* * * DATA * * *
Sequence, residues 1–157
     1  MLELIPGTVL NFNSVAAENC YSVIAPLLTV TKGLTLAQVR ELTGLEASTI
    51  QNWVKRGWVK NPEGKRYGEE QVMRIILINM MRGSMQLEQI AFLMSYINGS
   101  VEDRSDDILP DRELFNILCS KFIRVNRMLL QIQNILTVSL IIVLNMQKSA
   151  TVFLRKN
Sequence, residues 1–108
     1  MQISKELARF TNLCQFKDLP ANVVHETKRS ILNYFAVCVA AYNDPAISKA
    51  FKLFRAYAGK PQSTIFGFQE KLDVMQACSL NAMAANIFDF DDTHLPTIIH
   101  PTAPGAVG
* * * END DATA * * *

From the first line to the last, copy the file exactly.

Sequence, residues 1–157
     1  MLELIPGTVL NFNSVAAENC YSVIAPLLTV TKGLTLAQVR ELTGLEASTI
    51  QNWVKRGWVK NPEGKRYGEE QVMRIILINM MRGSMQLEQI AFLMSYINGS
   101  VEDRSDDILP DRELFNILCS KFIRVNRMLL QIQNILTVSL IIVLNMQKSA
   151  TVFLRKN
Sequence, residues 1–108
     1  MQISKELARF TNLCQFKDLP ANVVHETKRS ILNYFAVCVA AYNDPAISKA
    51  FKLFRAYAGK PQSTIFGFQE KLDVMQACSL NAMAANIFDF DDTHLPTIIH
   101  PTAPGAVG